Kobach wants to focus on national issues that were topics of heavy discussion, especially during former President Donald Trump’s administration. Mann is more concerned with state issues and bringing the attorney general job back to basics.

“Kobach has a history of focusing on the Mexican border and illegal immigration and, now, election fraud and things like that. In this election, he’s still focusing on national issues,” Lysen said. “Mannn is saying, the attorney general should be focused on state issues and protecting Kansans, like against consumer fraud.”

Mann has won the endorsement of the Kansas Livestock Association, which tends to back Republican candidates.

“Endorsements don’t necessarily tell you how people are going to vote, but it is pretty telling about how even Republican circles, how they feel about Kobach – and it’s not good,” Lysen said.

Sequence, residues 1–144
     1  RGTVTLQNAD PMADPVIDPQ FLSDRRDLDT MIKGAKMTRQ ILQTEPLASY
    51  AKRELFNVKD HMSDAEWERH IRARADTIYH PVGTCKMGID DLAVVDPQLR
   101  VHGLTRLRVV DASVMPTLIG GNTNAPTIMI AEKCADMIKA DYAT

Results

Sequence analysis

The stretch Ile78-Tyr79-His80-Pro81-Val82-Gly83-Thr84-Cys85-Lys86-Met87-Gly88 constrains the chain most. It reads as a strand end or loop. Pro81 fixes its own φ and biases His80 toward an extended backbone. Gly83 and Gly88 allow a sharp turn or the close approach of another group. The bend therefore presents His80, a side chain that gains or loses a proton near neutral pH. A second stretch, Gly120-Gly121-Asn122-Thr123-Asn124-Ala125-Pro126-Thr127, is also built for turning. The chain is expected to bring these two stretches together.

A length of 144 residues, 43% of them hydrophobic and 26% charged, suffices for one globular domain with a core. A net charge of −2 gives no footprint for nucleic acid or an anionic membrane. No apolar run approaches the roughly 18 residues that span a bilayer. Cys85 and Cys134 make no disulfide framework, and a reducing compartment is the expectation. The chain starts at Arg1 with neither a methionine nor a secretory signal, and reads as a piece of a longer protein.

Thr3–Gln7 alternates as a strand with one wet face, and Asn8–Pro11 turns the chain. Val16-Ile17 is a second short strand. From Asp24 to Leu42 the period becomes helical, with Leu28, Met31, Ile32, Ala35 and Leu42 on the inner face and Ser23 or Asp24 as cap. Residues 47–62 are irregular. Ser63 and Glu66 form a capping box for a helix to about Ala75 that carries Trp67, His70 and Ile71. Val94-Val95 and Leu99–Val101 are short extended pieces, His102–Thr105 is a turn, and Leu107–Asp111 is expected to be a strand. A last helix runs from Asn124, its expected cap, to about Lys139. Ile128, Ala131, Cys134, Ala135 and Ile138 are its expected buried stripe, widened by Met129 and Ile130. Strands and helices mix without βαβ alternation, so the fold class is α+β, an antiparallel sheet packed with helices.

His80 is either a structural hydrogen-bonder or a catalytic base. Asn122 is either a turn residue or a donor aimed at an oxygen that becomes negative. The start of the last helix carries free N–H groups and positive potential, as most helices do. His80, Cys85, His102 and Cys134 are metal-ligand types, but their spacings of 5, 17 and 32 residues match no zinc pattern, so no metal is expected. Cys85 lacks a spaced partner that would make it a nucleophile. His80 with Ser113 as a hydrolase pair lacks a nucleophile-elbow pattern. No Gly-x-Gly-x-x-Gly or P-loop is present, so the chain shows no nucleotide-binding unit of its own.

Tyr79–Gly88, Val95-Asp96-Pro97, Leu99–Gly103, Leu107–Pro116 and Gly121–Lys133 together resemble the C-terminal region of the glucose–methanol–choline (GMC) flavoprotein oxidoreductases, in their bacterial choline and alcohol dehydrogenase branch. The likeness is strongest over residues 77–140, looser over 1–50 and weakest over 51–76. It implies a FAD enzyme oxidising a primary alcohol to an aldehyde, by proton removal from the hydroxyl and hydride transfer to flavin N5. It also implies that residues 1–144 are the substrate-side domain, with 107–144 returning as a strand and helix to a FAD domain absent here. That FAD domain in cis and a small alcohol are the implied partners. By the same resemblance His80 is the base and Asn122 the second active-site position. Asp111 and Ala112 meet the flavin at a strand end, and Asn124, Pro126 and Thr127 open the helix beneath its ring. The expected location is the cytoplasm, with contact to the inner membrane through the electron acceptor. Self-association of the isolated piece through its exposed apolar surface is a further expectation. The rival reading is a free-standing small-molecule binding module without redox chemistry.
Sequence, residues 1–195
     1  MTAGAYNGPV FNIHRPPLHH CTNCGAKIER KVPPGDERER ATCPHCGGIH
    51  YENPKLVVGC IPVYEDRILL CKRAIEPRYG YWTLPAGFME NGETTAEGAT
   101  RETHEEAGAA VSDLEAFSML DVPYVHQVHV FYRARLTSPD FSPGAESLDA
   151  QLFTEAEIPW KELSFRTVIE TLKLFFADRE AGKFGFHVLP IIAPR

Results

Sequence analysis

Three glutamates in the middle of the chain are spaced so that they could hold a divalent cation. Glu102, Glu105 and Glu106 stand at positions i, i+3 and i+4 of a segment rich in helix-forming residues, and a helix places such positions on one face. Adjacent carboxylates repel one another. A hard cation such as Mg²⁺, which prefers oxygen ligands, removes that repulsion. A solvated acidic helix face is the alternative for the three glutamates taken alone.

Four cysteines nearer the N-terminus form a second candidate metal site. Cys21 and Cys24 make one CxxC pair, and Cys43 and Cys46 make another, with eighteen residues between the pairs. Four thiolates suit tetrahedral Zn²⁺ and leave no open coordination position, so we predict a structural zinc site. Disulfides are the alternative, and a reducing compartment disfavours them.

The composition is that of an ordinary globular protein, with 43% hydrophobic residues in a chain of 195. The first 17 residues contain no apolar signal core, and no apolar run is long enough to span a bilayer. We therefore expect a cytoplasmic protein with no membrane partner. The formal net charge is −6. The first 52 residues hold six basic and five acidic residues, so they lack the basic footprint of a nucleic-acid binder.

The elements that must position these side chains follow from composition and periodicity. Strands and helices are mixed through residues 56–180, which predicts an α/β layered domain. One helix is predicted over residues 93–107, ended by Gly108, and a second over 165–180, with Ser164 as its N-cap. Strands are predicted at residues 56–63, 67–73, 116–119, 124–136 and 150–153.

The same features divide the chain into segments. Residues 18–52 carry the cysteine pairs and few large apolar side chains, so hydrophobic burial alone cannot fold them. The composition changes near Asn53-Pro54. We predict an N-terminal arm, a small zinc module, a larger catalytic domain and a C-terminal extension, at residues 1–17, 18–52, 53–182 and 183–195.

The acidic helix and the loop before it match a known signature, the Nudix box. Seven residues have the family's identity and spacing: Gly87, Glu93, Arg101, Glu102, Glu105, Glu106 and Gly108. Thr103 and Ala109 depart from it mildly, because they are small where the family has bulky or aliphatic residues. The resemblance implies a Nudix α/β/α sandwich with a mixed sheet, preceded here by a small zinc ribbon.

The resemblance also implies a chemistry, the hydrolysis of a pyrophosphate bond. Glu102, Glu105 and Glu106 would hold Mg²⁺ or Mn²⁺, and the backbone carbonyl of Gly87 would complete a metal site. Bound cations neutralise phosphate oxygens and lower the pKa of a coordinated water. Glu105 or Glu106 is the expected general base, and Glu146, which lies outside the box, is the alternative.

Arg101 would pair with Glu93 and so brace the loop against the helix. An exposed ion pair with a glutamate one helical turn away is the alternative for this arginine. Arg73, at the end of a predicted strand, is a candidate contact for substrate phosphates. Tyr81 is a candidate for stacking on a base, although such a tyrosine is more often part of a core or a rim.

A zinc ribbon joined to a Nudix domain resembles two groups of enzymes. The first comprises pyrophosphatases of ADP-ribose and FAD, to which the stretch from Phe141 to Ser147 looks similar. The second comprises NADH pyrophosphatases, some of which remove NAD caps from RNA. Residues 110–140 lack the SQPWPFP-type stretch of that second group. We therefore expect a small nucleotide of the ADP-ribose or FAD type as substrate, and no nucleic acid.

More information about Kobach and Mann can be found at kriskobach.com and chrismannforkansas.com.

Statewide Constitutional Amendments

Similar to how the Aug. 2 primary had a constitutional amendment on the ballot, this midterm, two amendments will be presented to voters.

Legislative Veto Amendment

The legislative veto amendment or “Legislative Oversight of Administrative Rules and Regulations,” if passed, would allow legislatures in the Kansas government to override the Governor on rules and regulations.

“Rules and regulations are basically policy decisions that the governor makes for the state offices, like the Department of Health and Environment and Department of Education,” Lysen said.